Herbert WestphalSun deliverymanHerbert H. Westphal, who...


January 27, 1993

Herbert Westphal

Sun deliveryman

Herbert H. Westphal, who owned a Baltimore Sun home delivery route in East Baltimore for many years, died early Monday of heart failure at home on Walton Way in Timonium where he lived with his daughter.

Retired for nearly 40 years, Mr. Westphal, who was 91, had delivered the morning, evening and Sunday papers for 35 years in an area to the north of Patterson Park.

Before that, he worked as a shipping clerk for the Baltimore Bargain House.

Born in East Baltimore and reared in Northeast Baltimore, he attended Loyola High School where he played on the football team.

In later years, he was a 10-pin bowler and a member of the Aisquith Pleasure Club.

His wife, the former Lillian M. Hoxter, died in 1976.

A Mass of Christian burial was to be offered at 10 a.m. today at the Roman Catholic Church of the Nativity, 1800 Vista Lane, Timonium.

Mr. Westphal is survived by a daughter, Miriam V. Lannon of Timonium; a son, Herbert H. Westphal Jr. of Baltimore; eight grandchildren; and 12 great-grandchildren.

John Koehnlein Jr.

Field engineer

John H. Koehnlein Jr., a native of Fullerton and a retired regional field engineer for the Portland Cement Association, died Saturday of heart failure at his home in Wheaton. He was 68.

He retired from the cement association in 1987 after 27 years. He worked out of Newark, Del., for a time before moving to the Washington area.

Earlier, he worked as an engineer for the American Bridge Co. and two Baltimore consulting firms, the J. E. Greiner Co. and Whitman Requardt and Associates.

A 1941 graduate of Kenwood High School, he served in the Marine Corps in the Pacific during World War II.

In 1950, he was awarded a civil engineering degree with honors by the University of Maryland.

After his retirement, he traveled extensively in this country, including Alaska, and in Canada in a recreational vehicle. Services were to be conducted at 11 a.m. today at the Francis J. Collins Funeral Home in Silver Spring.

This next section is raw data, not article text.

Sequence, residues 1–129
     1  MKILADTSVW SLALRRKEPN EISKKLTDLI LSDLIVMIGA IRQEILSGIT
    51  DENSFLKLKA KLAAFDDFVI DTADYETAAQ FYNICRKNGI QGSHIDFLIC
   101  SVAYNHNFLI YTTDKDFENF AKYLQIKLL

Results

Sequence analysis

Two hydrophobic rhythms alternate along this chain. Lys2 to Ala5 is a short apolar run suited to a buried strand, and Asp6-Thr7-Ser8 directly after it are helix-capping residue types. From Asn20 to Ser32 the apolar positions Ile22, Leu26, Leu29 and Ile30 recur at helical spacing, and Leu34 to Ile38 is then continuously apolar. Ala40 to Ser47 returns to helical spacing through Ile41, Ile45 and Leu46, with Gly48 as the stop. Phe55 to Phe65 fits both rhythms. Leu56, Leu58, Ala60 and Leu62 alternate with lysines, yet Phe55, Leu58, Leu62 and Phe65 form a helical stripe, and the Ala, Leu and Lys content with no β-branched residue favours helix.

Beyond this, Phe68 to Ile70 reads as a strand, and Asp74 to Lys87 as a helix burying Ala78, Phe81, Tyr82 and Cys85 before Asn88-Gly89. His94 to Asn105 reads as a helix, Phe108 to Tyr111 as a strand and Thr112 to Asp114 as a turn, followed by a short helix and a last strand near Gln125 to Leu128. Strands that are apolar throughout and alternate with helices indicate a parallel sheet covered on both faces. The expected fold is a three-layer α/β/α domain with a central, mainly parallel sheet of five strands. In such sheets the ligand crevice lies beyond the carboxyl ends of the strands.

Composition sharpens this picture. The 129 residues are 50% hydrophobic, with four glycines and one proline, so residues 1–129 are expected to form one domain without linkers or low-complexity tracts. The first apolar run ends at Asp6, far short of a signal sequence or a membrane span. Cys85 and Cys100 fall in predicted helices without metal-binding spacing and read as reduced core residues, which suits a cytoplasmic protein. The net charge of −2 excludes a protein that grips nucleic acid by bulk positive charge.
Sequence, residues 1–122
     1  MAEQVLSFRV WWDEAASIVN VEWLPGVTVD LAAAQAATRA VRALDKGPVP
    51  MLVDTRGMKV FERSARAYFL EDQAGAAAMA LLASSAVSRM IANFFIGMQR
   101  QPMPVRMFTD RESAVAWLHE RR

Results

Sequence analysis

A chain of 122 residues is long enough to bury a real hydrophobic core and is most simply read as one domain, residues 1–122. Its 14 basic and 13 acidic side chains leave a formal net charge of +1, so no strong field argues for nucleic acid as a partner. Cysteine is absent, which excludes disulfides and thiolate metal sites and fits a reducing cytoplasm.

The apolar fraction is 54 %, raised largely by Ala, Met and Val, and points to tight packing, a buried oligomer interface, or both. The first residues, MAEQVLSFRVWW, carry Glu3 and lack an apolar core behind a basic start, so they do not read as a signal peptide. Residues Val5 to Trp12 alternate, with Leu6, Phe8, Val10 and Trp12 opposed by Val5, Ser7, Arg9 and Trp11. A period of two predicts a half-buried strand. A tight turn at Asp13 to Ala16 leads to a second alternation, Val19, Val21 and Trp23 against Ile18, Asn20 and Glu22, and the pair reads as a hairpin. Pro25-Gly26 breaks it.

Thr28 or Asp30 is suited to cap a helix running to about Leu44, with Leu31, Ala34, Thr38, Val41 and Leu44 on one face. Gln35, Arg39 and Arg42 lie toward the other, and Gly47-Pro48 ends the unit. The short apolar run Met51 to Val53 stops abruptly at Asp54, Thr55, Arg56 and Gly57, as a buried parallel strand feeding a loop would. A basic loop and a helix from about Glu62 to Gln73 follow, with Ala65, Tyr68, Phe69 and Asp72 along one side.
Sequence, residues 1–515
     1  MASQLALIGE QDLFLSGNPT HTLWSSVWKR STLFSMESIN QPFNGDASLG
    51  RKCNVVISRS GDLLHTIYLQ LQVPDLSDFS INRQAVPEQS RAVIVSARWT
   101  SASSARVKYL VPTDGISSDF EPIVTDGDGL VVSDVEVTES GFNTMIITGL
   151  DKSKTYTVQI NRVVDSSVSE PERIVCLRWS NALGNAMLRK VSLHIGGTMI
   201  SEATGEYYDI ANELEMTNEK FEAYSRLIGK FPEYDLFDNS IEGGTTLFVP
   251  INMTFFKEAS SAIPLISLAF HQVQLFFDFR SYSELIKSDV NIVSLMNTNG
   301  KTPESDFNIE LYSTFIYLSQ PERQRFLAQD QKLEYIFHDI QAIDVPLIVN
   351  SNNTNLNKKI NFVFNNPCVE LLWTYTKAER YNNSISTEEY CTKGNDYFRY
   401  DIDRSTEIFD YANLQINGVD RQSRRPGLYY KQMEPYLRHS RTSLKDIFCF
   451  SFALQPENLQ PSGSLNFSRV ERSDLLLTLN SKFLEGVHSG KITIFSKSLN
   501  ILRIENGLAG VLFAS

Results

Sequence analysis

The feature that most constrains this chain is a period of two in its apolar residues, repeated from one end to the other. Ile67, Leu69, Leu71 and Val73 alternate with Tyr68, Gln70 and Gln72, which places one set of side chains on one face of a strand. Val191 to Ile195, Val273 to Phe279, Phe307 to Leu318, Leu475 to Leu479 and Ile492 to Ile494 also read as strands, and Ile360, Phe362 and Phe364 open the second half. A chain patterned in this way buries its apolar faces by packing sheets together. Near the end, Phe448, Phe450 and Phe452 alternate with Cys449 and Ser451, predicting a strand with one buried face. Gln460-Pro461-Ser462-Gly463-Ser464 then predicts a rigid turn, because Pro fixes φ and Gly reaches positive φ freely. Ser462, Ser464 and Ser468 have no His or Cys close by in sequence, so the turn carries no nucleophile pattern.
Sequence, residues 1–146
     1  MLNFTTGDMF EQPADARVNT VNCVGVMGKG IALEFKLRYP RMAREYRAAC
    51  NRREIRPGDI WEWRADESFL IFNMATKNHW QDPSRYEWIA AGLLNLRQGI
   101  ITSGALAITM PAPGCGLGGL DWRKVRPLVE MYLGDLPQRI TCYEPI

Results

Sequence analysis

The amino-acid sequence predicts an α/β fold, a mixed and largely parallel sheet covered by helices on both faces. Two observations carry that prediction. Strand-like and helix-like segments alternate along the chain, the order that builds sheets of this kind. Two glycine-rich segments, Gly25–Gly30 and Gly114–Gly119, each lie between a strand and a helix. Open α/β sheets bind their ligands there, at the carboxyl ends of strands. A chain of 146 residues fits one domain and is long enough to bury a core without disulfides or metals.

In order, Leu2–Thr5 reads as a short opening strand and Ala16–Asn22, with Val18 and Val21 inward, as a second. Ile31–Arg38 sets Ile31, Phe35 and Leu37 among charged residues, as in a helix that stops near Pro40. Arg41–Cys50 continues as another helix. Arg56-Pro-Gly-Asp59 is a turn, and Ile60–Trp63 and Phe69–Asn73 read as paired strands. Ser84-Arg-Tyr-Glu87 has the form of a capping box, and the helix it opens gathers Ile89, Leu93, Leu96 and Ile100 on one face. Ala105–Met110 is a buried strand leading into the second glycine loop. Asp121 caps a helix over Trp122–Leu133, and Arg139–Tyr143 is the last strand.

He is survived by his wife of 41 years, the former Jane Hilins; two daughters, Karen E. Koehnlein of Bruceton Hills, W.Va., and Christine J. Koehnlein of Wheaton; four sons, Michael J. Koehnlein of Ijamsville, John H. Koehnlein III of Wheaton, William H. Koehnlein of Spartanburg, S.C., and Charles A. Koehnlein of Frederick; two brothers, William F. Koehnlein of Baldwin and Charles K. Koehnlein of Lakewood, N.J.; a sister, Elizabeth Merrill of Scotch Plains, N.J.; and five grandchildren.

The family suggested memorial contributions to the National Parks and Conservation Association.

Lawrence H. Rabuck

Coal distributor

Lawrence H. Rabuck, a retired self-employed coal distributor, died Jan. 9 at Franklin Square Hospital of kidney disease. He was 89.

A native of Sunbury, Pa., Mr. Rabuck moved to the Baltimore area in 1939. He lived on Codd Avenue in Dundalk before entering the Riverview Nursing Home two years ago.

Mr. Rabuck was featured in a regional cookbook with his Rock-and-Rye cough syrup recipe -- a mixture of rock candy, rye whiskey and glycerin.

His wife, the former Rose Kerstetter, died in 1973. Two sons, Lester and Marlin Rabuck, also are deceased.

He is survived by a son and daughter, Charles F. Rabuck and Rita Dudley, both of Dundalk; two brothers, Samuel Rabuck of Sunbury and Charles Rabuck of Freeport, Fla.; two sisters, Cora Alice Smith and Hazel Coleman, both of Sunbury; 12 grandchildren; and 17 great-grandchildren.

Services for Mr. Rabuck were conducted Jan. 13 in Sunbury.

E. W. Kenworthy


E. W. Kenworthy, a Washington correspondent for the New York Times and a former editorial writer for The Evening Sun, died Monday of complications from prostate cancer at his home in Washington. He was 83.

He joined the Washington Bureau of the Times in 1957 and retired in 1977 after covering Congress, the White House, the State Department, politics and the environment.

He was part of the team of reporters that wrote the Times stories on the Pentagon Papers and covered the 1963 civil rights March on Washington and the 1968 presidential campaign of U.S. Sen. Eugene J. McCarthy, D-Minn.

Edwin Wentworth Kenworthy, who was known as Ned, was born in Attleboro, Mass., and earned bachelor's and master's degrees at Oberlin College in Ohio.

He taught English at the high school level for several years and at Indiana University for several more.

During World War II, he worked in the Office of War Information in Washington. Subsequently, he was an editorial writer for The Evening Sun in 1945 and 1946 and an information officer in the U.S. Embassy in London and worked for the Reporter magazine.

In 1949 and 1950, he was executive secretary of then-President Harry S. Truman's Committee for Equality of Treatment and Opportunity in the Armed Services. The committee's report led to the racial desegregation of the military.

In the summer of 1950, after the committee had disbanded, Mr. Kenworthy joined the Times as a writer for the Week in Review.

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